All in Knowledge Management
There’s a lot more to collaboration than just providing a technology platform.
In some ways managing “big data” tools and processes is no different than figuring out how to manage any other type of technological innovation. The technology is introduced, experts emerge and help control and shape evolving practical applications, and management eventually figures out what is worth keeping and what can be discarded.
If you’ve ever run a PMO, you know how much of your time and energy are devoted to gathering, analyzing, and distributing information. Perhaps we are seeing that the project management organization is changing because how people communicate and share information is also changing.
In Forrester’s Top 15 Emerging Technologies To Watch: Now to 2018, Brian Hopkins provides a peek at the results of an online survey conducted in 2012 to answer a question about what respondents feel the most “disruptive” technologies will be.
Collaboration can be messy. Convincing a group of people to work together to accomplish a common objective, especially when the group contains many people that don’t know each other, requires artful leadership.
This post was sparked by reading a discussion series in GovLoop’s Knowledge Management in Government group. What caught my eye were several references to the relationship between “knowledge management” and “social media.”
Let’s stop talking about “social business” as if it were some sort of change in how organizations behave.
IBM’s Luis Suarez’ blog post Social Media at Work presents basic arguments for why organizations, not just individuals, need to adopt social media as a normal part of their communication infrastructure. He suggests that organizations need to adopt social media because their employees and their customers are using social media.
As deficits increase, unemployment continues, and tax revenues decline, government has to shrink. An important question is, will government “shrink smart”? Or will the axe fall randomly or primarily on the weak and unconnected?
This morning U.S. Chief Information Officer Vivek Kundra released his ambitious 25 Point Implementation Plan to Reform Federal Information Technology Management. Here’s number 10:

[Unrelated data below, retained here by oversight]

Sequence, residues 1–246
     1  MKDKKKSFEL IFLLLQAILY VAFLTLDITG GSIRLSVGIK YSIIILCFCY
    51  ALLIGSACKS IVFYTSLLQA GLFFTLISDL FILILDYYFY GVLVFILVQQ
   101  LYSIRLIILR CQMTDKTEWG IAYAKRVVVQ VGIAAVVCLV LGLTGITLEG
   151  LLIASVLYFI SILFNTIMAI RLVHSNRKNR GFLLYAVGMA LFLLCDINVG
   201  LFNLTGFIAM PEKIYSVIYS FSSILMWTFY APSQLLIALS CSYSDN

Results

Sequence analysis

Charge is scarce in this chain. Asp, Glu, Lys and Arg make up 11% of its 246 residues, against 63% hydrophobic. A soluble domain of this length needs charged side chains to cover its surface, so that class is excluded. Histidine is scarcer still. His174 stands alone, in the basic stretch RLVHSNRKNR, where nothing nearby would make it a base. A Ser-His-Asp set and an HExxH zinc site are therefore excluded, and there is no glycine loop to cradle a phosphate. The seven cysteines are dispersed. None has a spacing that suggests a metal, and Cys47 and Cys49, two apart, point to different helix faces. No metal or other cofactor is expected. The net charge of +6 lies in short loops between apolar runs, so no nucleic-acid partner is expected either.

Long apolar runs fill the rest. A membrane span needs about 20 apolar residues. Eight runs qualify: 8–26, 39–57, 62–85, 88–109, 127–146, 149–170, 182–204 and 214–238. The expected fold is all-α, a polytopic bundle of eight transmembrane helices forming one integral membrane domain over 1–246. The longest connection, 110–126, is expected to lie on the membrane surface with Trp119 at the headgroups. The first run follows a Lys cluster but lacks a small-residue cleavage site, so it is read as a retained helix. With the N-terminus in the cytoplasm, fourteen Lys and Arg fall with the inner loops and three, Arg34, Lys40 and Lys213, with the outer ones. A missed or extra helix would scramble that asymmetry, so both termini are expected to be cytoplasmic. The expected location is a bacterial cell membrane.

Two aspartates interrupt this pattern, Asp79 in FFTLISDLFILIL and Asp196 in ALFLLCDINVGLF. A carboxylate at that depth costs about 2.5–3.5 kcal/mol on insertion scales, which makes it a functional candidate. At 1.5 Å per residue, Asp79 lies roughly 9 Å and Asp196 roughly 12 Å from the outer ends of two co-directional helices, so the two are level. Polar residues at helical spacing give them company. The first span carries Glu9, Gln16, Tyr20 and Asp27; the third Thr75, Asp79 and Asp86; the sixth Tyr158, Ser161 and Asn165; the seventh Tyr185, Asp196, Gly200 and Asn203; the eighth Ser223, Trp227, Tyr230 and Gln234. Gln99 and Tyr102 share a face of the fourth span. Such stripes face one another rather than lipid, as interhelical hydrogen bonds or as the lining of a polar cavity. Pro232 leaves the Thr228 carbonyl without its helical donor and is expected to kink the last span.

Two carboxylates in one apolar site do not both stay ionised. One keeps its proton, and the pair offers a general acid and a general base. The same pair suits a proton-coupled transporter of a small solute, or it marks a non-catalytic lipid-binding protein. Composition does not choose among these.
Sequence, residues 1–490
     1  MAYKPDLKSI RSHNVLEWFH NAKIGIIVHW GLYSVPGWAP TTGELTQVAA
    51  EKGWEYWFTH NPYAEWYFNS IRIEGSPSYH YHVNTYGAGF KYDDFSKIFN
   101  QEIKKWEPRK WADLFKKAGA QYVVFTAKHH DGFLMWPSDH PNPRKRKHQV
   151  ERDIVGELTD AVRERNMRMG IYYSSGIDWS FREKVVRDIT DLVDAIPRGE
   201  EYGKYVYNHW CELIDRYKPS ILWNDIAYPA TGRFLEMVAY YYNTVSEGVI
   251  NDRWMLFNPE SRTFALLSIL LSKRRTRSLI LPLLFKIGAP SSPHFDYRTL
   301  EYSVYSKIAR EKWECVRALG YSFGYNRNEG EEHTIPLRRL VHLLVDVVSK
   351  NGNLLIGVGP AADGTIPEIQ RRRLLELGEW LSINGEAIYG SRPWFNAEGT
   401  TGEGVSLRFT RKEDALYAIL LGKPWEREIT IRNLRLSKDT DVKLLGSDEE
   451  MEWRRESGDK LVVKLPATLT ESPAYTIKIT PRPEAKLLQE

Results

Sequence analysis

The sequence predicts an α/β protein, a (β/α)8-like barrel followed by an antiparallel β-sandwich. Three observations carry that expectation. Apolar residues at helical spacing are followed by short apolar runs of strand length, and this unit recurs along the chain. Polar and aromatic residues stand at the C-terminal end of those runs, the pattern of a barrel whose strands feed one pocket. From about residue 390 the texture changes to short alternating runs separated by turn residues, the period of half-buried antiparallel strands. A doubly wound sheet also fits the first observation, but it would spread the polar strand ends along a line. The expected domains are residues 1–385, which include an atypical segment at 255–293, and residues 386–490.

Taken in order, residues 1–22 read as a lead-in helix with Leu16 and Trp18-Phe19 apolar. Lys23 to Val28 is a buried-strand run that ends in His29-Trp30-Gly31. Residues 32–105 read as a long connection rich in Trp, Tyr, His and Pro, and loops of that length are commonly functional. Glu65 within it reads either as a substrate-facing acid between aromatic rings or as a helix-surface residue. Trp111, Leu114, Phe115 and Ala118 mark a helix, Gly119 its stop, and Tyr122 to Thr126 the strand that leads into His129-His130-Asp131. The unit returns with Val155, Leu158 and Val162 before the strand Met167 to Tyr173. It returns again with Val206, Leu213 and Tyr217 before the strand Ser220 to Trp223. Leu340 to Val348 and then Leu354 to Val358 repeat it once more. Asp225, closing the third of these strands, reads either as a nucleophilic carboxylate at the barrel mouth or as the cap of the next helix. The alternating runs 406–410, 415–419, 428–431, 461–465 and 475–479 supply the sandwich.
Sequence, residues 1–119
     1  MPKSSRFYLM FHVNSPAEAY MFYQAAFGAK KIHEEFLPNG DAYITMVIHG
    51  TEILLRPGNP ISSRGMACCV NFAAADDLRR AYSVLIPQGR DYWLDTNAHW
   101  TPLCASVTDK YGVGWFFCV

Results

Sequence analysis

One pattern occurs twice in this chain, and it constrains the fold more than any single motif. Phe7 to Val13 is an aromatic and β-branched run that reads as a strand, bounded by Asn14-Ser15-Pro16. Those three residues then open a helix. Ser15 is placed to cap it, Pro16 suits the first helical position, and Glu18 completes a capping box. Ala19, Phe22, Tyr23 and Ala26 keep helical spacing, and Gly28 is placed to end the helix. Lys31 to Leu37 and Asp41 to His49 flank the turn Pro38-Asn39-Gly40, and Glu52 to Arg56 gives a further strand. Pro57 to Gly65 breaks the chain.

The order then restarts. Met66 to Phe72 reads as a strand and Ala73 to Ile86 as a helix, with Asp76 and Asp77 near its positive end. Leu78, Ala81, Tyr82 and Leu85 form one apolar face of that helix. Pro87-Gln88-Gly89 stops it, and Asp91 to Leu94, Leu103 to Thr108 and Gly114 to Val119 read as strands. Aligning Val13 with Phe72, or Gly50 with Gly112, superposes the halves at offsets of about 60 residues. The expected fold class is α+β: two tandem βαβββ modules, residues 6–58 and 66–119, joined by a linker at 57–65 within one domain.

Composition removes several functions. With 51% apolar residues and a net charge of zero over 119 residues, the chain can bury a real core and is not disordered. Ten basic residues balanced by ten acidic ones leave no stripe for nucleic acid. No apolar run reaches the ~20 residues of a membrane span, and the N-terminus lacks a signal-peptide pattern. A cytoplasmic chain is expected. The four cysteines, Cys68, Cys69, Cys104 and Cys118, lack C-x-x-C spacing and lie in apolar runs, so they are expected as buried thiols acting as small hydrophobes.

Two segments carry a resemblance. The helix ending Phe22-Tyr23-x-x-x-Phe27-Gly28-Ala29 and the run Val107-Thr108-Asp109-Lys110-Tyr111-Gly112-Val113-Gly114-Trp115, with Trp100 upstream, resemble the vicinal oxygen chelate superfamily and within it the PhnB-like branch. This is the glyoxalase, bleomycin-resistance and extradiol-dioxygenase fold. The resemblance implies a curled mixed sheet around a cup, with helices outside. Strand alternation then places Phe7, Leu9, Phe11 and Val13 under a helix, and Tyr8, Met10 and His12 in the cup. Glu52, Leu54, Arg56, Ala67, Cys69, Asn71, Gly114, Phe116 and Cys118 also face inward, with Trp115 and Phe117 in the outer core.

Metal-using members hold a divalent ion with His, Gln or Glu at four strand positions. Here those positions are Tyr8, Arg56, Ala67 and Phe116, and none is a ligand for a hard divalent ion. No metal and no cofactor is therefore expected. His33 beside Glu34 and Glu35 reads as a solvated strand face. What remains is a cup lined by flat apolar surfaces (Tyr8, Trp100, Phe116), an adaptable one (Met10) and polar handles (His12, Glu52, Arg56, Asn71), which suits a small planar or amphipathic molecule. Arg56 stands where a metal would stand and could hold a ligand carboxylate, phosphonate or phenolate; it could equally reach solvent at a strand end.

Gene L. Dodaro, Acting Comptroller General, U.S. Government Accountability Office (GAO) gave a presentation on November 2010 titled Acquisition Reform Challenges Facing Government. Referring to GAO’s strategic plan, Dodaro’s presentation addressed large-scale acquisitions as “targets of opportunity,” repeating the often-heard criticism that “… much of the government’s major investments have faced persistent cost and schedule growth.” His analysis is a very intelligent review of the challenges involved in reducing acquisition costs. Here I suggest an approach he doesn’t discuss but which is based on concepts he presents.
According to the FederalTimes.com report 5 teams to tackle Gates call to improve efficiency, five Pentagon teams will focus on identification of Pentagon cost savings based on affordability, incentives, contract terms, metrics, and service contracts
I’m optimistic. I’m beginning to think that second-nature use of collaborative technologies by non-technologists, both for social engagement as well as for work, could reach a tipping point much sooner than I had thought. It’s not going to be completely smooth sailing, though.
An important element in a successful R&D effort is effective collaboration. As the complexity of the research, development, and eventual adoption environments increases — as it does with large Federally funded R&D efforts — the importance of the sharing of information, ideas, and goals increases as well.
The Knowledge Management Section of the U.S. Army’s Field Manual FM 6-01.1 is a classic example of the formal structure and organization one can apply to just about any organizational process that requires management.
Jeremiah Owyang’s post Gen Y Enter Stage Left, Baby Boomers Exit Stage Right got me to wondering how much people should understand about technology in order to manage it in an organization.
I received an email commenting on Social Networking and Elsevier’s “Grand Challenge” for Knowledge Enhancement in the Life Sciences. I had suggested that networked access to published health science authors would be useful in emergency situations where there is the need for rapid access to high quality health information from many different sources.
Netherlands-based mega-publisher (and former employer) Elsevier BV has issued a grand challenge:
I recently spoke with Trish Bharwada of The Dow Chemical Company. Trish manages My Dow Network, a web-based online membership service launched in 2007 that targets retirees and former employees of Dow.
James Robertson’s recent post Collaboration tools are anti knowledge sharing? got me thinking about the introduction of technology-enabled collaboration into large organizations. (Thanks to Jack Vinson for bringing this article to my attention via Twitter).